The Arcade Fire: Funeral

The Arcade Fire
Funeral
Merge Records

Shedding fans with death-inspired pop music is easy. You could take the grieving tribute route and lose those who don't give a damn about Princess Di, or you could try the annoyingly chipper carpe diem path taken by every songwriter who's ever survived a tour bus tumbling into a ditch. With a breakthrough album called Funeral dedicated to several recently deceased family members, the Arcade Fire face some gloomy expectations. But despite spending most of the year dressed in black, the Montreal group takes a different approach. Over a bed of dancey orchestral comfort songs, singer Win Butler presents himself as a teenager, at times eerily aware of a future spent without the rest of his family. He hides his emotions from his folks, planning an escape and musing on that foreboding sense of independence: "Then we think of our parents, well, whatever happened to them?"

The role of bedroom poet comes with its share of mood swings. In "Neighborhood #2 (Laïka)," Butler adopts David Byrne's "Psycho Killer" agitation with such accuracy that it's almost disappointing when the line, "If you want something, don't ask for nothing!" isn't followed by "Say something once, why say it again?" The instant crowd-pleaser "Neighborhood #3 (Power Out)" starts with an ominous distorted guitar riff and drums straight out of INXS, only to break into a sort of glockenspiel-accompanied bounce-and-shout conga line. When it comes to the group's subtle dabbles in '80s nostalgia, Butler's wife and bandmate Régine Chassagne is an invaluable asset, sounding like Siouxsie-lite on one track and a less alien Björk on the next. But she also offers the most candidly sentimental moments with "In the Backseat," where she calmly explains, "My family tree's losing all its leaves" before resorting to chilling howls.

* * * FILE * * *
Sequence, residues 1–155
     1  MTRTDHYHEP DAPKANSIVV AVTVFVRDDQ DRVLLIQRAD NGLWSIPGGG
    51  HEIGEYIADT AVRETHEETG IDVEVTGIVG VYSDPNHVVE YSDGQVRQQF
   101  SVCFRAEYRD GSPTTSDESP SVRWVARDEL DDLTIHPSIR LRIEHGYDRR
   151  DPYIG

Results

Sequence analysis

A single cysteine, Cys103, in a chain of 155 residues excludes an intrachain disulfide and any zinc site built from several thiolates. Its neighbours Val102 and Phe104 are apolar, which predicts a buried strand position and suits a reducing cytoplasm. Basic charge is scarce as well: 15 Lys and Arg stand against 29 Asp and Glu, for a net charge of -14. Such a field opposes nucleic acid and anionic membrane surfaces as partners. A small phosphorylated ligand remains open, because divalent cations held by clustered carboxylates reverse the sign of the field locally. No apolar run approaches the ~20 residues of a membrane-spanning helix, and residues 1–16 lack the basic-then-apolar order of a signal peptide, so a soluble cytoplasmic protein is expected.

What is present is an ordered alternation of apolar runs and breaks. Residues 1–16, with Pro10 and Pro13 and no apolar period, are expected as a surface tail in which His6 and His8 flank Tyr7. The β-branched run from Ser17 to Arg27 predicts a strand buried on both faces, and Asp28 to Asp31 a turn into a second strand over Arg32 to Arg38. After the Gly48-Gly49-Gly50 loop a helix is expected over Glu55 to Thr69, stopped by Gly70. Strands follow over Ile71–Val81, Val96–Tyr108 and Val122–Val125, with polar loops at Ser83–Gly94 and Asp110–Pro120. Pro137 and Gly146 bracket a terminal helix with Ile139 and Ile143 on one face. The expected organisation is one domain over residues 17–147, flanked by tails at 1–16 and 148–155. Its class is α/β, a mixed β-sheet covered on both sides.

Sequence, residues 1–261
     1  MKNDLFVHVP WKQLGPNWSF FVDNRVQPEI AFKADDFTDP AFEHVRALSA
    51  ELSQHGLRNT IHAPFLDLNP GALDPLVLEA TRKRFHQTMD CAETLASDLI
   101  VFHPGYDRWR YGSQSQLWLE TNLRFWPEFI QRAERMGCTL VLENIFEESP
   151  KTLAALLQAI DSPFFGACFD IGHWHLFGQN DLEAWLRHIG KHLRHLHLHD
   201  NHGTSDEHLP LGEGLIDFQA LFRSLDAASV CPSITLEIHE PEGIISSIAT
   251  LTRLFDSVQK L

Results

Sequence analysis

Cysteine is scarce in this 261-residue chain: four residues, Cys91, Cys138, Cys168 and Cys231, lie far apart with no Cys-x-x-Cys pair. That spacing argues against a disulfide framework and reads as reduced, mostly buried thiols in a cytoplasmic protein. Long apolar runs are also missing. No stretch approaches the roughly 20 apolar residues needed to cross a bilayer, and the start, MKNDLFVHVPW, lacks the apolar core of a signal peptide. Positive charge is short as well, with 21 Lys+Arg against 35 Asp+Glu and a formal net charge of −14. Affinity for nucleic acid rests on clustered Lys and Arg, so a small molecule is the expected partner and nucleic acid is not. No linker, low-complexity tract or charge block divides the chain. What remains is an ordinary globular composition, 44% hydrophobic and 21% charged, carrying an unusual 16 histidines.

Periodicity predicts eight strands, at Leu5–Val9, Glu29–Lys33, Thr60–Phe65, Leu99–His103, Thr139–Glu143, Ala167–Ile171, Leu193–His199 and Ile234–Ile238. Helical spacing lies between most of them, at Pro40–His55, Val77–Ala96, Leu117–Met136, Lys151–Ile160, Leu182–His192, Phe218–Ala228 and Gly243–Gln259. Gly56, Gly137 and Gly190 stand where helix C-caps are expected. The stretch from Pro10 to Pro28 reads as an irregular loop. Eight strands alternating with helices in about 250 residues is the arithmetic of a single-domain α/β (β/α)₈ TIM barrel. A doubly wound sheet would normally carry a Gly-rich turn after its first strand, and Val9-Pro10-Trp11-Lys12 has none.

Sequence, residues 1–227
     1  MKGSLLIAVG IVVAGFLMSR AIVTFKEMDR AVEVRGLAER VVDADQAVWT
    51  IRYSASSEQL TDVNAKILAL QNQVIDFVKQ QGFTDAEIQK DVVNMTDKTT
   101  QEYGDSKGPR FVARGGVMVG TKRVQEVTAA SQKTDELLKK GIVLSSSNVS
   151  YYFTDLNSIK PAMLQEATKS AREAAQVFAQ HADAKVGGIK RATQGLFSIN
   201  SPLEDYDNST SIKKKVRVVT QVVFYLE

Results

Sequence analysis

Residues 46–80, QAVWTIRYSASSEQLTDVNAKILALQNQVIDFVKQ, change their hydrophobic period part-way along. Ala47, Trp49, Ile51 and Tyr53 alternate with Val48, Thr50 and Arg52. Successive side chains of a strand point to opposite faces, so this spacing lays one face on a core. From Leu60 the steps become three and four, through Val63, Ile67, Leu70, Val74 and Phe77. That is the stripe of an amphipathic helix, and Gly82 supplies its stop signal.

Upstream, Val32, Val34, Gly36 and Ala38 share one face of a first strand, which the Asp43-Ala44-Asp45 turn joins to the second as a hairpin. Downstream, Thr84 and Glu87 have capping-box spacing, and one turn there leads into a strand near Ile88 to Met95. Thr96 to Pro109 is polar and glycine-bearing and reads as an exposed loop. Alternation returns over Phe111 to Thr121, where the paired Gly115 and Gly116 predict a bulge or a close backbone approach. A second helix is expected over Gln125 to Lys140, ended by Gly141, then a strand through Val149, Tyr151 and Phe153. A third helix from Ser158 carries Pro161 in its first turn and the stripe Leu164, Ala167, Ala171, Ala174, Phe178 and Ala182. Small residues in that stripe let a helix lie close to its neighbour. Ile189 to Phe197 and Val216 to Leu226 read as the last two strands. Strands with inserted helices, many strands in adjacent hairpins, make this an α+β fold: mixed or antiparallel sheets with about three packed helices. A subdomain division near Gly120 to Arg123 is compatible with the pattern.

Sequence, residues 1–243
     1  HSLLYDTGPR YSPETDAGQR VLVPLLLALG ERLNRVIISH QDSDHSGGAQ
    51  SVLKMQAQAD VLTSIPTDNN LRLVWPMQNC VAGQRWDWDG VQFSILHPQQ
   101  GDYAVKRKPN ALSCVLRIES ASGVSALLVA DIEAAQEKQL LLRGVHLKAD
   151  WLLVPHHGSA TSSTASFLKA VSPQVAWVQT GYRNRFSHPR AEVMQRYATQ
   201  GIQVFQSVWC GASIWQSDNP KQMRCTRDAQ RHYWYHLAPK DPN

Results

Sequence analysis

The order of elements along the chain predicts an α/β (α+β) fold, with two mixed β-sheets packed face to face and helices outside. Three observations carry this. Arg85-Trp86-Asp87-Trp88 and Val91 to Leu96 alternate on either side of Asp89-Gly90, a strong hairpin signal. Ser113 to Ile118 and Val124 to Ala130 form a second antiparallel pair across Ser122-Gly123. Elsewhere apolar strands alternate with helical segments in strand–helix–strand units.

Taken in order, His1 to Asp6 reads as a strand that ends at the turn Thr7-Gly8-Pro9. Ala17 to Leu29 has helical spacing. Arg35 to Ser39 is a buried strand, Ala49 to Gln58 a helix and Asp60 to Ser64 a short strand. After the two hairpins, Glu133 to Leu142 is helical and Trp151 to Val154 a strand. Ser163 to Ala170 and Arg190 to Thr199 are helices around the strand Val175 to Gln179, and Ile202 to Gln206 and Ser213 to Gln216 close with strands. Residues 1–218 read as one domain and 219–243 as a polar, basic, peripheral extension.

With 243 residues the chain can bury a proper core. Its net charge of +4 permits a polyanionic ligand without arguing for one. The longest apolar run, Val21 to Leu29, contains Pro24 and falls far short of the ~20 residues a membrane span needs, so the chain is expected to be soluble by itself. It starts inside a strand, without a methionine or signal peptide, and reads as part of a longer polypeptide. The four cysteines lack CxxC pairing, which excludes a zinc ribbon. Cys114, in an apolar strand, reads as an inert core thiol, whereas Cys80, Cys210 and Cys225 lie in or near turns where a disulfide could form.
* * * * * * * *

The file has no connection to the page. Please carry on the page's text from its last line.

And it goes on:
If the Arcade Fire had gotten stuck on any step of the grieving process, the result wouldn't be the poignant prize of Funeral. But as Butler wisely notes in "Neighborhood #1 (Tunnels)," "Our skin gets thicker from living out in the snow." While other mourning musicians roll in cemetery dirt, this band chooses to dig in the white stuff, which always promises something better come spring.

 
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